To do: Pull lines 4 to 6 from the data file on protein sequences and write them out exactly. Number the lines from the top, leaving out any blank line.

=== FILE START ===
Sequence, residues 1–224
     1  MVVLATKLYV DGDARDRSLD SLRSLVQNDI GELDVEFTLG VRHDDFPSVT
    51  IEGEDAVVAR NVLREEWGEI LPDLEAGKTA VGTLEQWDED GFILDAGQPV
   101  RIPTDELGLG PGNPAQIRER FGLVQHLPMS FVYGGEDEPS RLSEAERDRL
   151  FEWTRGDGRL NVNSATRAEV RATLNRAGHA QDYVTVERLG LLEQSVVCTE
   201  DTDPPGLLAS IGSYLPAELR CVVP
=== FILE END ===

   101  RIPTDELGLG PGNPAQIRER FGLVQHLPMS FVYGGEDEPS RLSEAERDRL
   151  FEWTRGDGRL NVNSATRAEV RATLNRAGHA QDYVTVERLG LLEQSVVCTE
   201  DTDPPGLLAS IGSYLPAELR CVVP